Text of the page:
The Quim Reaper, post: 4115858, member: 116062"
the panel technology least suited to gaming...:rolleyes:
It is sort of true. But it was also true that high refresh rate IPS with good enough pixel response for 144 Hz was a pipe dream. So while 165 Hz VA right now is probably worse than 165 Hz TN or IPS right now for pixel response times, ghosting and twitch gaming, it is probably still better than 95% of 60 Hz panels and likely better than many 120 Hz panels that are a few years old. VA improves just as TN and IPS does, all have some inherent trade offs. If you don't care about twitch shooters, the black levels and color reproduction of this might suit your Tomb Raider, Witcher, Anno, Civ needs perfectly. :)
Posted on Reply
#5
kapone32
Deathy, post: 4115875, member: 181802"
It is sort of true. But it was also true that high refresh rate IPS with good enough pixel response for 144 Hz was a pipe dream. So while 165 Hz VA right now is probably worse than 165 Hz TN or IPS right now for pixel response times, ghosting and twitch gaming, it is probably still better than 95% of 60 Hz panels and likely better than many 120 Hz panels that are a few years old. VA improves just as TN and IPS does, all have some inherent trade offs. If you don't care about twitch shooters, the black levels and color reproduction of this might suit your Tomb Raider, Witcher, Anno, Civ needs perfectly. :)
There are 120HZ 4K IPS panels out on the market they are just too eye watering in terms of cost for most users and they are all Gsync too.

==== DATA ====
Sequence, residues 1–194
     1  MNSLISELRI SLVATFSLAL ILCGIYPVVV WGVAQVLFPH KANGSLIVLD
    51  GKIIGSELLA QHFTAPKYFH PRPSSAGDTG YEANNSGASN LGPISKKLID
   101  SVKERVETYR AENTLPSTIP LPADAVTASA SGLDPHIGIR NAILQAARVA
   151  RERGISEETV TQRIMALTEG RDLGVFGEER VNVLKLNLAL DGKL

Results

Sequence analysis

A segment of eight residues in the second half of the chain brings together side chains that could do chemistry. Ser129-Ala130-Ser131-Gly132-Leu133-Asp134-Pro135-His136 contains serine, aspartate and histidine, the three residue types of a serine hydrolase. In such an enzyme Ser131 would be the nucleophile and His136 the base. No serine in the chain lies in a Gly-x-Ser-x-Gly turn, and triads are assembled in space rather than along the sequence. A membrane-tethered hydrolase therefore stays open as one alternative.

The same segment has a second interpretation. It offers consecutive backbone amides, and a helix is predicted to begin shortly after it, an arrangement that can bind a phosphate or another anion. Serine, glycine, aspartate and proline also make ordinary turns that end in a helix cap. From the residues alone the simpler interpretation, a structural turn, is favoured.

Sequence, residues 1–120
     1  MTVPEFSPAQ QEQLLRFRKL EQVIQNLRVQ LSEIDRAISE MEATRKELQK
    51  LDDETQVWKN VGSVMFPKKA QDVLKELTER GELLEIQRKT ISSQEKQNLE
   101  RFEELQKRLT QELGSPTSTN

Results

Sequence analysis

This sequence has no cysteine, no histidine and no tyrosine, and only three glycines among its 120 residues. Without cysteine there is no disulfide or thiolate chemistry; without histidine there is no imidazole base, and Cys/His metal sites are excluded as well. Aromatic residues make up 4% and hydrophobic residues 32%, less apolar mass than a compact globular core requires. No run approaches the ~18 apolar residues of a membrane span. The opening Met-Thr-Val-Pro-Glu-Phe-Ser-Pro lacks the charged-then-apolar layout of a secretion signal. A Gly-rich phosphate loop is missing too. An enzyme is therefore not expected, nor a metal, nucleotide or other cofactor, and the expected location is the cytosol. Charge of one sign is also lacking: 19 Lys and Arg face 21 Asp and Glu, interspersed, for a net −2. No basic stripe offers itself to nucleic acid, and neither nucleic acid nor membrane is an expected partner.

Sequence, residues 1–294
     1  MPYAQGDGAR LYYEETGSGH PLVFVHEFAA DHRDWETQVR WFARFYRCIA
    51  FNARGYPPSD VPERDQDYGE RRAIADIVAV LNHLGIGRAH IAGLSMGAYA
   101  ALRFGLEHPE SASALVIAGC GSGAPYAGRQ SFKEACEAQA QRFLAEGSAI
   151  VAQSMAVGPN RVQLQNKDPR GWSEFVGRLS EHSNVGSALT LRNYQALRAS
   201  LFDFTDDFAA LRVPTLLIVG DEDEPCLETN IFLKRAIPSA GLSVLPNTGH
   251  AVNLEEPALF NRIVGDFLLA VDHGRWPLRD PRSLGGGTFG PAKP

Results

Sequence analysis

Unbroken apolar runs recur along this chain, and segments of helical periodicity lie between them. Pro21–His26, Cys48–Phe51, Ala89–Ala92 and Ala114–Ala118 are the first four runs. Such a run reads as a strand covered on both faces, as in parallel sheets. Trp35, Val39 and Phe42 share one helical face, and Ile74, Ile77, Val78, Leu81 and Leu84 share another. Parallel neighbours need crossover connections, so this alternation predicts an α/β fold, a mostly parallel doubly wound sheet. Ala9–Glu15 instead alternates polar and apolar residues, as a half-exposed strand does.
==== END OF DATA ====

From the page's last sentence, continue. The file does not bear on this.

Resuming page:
Deathy, post: 4115875, member: 181802"
It is sort of true. But it was also true that high refresh rate IPS with good enough pixel response for 144 Hz was a pipe dream. So while 165 Hz VA right now is probably worse than 165 Hz TN or IPS right now for pixel response times, ghosting and twitch gaming, it is probably still better than 95% of 60 Hz panels and likely better than many 120 Hz panels that are a few years old. VA improves just as TN and IPS does, all have some inherent trade offs. If you don't care about twitch shooters, the black levels and color reproduction of this might suit your Tomb Raider, Witcher, Anno, Civ needs perfectly. :)
https://www.newegg.ca/acer-um-hx3aa-p01-27-uhd/p/N82E16824011246?Description=4K%20120HZ%20monitor%20&cm_re=4K_120HZ_monitor-_-9SIA66K8TN2965-_-Product
Posted on Reply
#6
Mistral
Very nice. If we could only have a pure-performance version without the useless features, it would be great. Drop the curve too while you are at it.

Seriously, I hope Gigabyte does some user studies on who actually turns off "Black Equalizer ", "Aim Stabilizer " and "GameAssist" and comes to terms with reality. Cut the bloat, focus on quality and performance.
Posted on Reply
#7
lynx29
Mistral, post: 4115986, member: 49446"
Very nice. If we could only have a pure-performance version without the useless features, it would be great. Drop the curve too while you are at it.

Seriously, I hope Gigabyte does some user studies on who actually turns off "Black Equalizer ", "Aim Stabilizer " and "GameAssist" and comes to terms with reality. Cut the bloat, focus on quality and performance.
and cut the pre-calibrated settings for fps, rts, etc. every monitor I have tried was way off on all of them... not sure if it's an inside industry joke or if maybe one monitor got it right early on and so everyone else just copied it but cheaped out on the actual calibration I don't know... there needs to be one mode only - custom, and quickly calibrated before it leaves factory, doesn't have to be super professional, just enough to impress people. I see a lot of people leave their monitors as they come straight out of the box and it looks terrible... a quick 15 second calibration improves the end user experience in a lot of cases.
Posted on Reply
#8
Octopuss
I am still looking for a monitor I can both work in Lightroom and play games on. I don't need 8741Hz, anything above 100 would do.
This looks interesting.
Too bad the only reliable source of monitor reviews - to me - is TFT Central, and they only manage a few monitors a year.
Posted on Reply